The angel says ‘Do not fear’, as so often with divine visitations – but Mary isn’t overwhelmed by fear; she is full of grace, and she is able to think and ask the angel a question – ‘How can this be?’ – before she responds with the ultimate example of the obedience of faith: ‘Let it be to me according to your word.’
I want to name how the way that the church treats Mary, and all the emphasis on being ‘saved through childbirth’ – usually miraculous – can often seem hard to those who haven’t had children for whatever reason. Is this the only way God really blesses? It’s at Christmas especially with the full on message of the gift of a child. Mary is not blessed because of her fertility – though she is blessed through her fertility – but because of her faithfulness.
Her kinswoman Elizabeth says, ‘blessed is she who believed that there would be a fulfilment of what was spoken by the Lord’ (1:45). In Luke 8:21, Jesus tells a crowd of people, ‘My mother and my brothers are those who hear the word of God and do it.’ Finally, look at Luke 11:28-29. Here, Jesus is teaching a crowd or people when a woman calls out, ‘Blessed is the womb that bore you, and the breasts that nursed you.’ This is a colourful way of saying, ‘How blessed to be your mother.’ This woman thinks it would be wonderful to be Jesus’ mother because Jesus is a great man and the worth of women is often determined by the quality of children they produce. Jesus completely rejects this and declares, ‘Blessed rather are those who hear God’s word and obey it!’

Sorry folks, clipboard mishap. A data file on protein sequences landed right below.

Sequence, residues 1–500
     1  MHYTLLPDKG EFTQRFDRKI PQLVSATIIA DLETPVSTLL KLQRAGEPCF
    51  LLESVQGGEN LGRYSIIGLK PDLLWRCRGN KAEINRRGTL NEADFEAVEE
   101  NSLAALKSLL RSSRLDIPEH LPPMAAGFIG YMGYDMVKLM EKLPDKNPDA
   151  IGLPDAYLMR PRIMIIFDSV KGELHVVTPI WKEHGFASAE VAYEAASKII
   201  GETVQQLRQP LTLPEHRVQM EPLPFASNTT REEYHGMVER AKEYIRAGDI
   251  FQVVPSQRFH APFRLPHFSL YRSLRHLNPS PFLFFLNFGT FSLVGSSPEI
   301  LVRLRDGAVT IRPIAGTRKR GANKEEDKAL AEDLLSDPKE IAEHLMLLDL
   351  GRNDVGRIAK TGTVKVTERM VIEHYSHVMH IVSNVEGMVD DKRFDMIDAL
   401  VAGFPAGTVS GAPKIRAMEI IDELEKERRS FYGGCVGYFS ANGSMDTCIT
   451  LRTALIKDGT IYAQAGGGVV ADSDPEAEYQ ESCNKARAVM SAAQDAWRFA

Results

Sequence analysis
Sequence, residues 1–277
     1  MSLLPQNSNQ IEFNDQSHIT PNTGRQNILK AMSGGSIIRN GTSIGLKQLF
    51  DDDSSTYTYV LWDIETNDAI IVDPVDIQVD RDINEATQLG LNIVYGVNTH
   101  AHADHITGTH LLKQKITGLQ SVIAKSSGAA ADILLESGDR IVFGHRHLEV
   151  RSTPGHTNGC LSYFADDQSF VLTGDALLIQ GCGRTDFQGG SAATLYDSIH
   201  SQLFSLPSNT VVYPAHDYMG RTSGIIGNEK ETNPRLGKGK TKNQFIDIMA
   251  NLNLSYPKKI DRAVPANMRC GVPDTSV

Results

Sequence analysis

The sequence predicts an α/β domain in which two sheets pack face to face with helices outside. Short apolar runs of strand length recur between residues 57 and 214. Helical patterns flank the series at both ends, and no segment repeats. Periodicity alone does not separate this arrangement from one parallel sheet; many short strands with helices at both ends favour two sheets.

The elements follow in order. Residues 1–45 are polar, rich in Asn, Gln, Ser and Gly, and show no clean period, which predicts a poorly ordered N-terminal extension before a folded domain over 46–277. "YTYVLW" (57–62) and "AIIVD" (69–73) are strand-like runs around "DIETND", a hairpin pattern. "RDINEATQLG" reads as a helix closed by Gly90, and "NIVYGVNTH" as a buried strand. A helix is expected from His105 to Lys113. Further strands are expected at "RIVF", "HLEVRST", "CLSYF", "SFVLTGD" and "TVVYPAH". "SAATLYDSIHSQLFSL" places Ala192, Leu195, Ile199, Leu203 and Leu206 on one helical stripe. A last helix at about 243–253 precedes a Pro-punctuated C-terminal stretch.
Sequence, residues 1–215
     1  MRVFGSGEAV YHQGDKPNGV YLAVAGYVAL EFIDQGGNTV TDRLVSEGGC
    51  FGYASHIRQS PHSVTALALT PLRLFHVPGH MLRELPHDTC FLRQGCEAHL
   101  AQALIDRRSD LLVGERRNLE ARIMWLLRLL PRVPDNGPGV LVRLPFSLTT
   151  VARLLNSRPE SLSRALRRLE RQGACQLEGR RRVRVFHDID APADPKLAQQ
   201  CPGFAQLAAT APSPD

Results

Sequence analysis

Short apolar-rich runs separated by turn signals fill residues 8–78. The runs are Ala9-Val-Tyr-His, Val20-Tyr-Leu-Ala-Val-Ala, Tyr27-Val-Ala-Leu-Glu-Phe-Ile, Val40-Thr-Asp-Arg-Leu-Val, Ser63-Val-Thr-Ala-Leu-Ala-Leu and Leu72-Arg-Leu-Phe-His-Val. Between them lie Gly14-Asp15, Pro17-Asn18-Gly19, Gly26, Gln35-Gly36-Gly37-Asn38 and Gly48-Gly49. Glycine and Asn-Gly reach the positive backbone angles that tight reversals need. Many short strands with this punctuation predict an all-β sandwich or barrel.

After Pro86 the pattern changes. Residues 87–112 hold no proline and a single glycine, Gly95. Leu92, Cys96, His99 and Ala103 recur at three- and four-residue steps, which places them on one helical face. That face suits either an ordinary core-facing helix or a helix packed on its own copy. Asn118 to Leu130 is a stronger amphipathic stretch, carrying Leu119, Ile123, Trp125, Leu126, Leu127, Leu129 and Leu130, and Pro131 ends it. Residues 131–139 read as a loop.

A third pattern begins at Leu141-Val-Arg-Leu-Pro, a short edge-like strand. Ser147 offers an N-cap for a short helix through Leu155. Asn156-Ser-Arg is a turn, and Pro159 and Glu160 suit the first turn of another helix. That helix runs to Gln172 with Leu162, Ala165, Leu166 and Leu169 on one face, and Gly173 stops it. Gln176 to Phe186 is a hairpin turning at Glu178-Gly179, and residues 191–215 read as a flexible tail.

The birth of any child is a miraculous thing. This residentiary canon (duty priest) had a visitation in the form of a young woman, mother of four and pregnant with the fifth, who came in, terrified by the prospect that the growth which had been discovered might be malignant. She was terrified for her children. She wanted to be blessed. It was insistent, imperative, holy, coming from deep within.